After so many years away, many of the returnees were also anxious about what they would find in their former homes and about the future. UNHCR will help the returnees get on their feet by giving them a cash grant worth the equivalent of US$200. Moreover, UNHCR teams have been sent to Dolisie and Mossedjo to monitor and support the returnees and help them reintegrate.

"We welcome the former refugees at the border and we accompany them home, ensuring that everything goes well, that they find shelter and can rebuild their lives surrounded by family and friends," Jean-Philippe Bateza, who heads the UNHCR team in Dolisie, explained.

In the next few weeks, UNHCR plans to run repatriation convoys from the Gabonese capital of Libreville and other cities, including Franceville, Moanda, Muila and Tchibanga. About 100 people have registered for the next convoy, which will set off from Franceville for Dolisie this Saturday.

Over the past decade, around 2,700 people have returned to the Republic of Congo with UNHCR help. The refugee agency and the Gabonese authorities are working together to find solutions for all refugees and asylum-seekers still living in Gabon. Those who opt to stay will receive residency permits 175 of these have already been granted but they will no longer be refugees.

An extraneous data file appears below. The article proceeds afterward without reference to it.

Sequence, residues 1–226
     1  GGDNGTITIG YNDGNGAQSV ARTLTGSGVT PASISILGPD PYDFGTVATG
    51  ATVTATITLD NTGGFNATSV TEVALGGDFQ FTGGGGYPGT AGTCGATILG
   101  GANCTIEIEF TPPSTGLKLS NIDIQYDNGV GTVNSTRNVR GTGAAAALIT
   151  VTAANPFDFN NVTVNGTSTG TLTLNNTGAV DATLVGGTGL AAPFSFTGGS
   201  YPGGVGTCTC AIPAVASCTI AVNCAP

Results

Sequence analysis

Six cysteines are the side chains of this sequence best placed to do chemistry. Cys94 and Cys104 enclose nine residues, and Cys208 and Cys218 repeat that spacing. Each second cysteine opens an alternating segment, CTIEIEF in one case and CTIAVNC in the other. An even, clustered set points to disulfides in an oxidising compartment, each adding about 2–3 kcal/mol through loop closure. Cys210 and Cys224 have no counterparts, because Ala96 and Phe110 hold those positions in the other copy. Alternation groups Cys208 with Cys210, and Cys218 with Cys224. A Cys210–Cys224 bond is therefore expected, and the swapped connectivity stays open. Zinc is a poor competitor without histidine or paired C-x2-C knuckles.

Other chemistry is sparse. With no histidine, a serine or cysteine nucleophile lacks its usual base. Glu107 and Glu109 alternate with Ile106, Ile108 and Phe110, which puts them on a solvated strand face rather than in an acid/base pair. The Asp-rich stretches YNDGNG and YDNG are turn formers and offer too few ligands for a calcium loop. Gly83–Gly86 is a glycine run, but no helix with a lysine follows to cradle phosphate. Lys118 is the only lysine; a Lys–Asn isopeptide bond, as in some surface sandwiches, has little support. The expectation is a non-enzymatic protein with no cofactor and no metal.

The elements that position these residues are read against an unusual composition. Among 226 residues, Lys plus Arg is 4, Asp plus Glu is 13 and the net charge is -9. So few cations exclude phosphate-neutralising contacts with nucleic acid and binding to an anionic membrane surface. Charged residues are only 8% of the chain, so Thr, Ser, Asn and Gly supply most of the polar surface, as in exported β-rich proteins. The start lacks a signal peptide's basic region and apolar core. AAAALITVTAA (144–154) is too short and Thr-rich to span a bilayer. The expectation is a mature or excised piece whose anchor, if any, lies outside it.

By Céline Schmitt in Dolisie, Republic of Congo




UNHCR country pages

The Most Important Thing: Central African Republic Refugees

Over the past year, the UN refugee agency has run a series of photosets on its website by American photographer Brian Sokol focusing on the possessions that refugees take with them when they are forced to flee from their homes. We started last August with Sudanese refugees in South Sudan and have since covered refugees from Syria and Mali.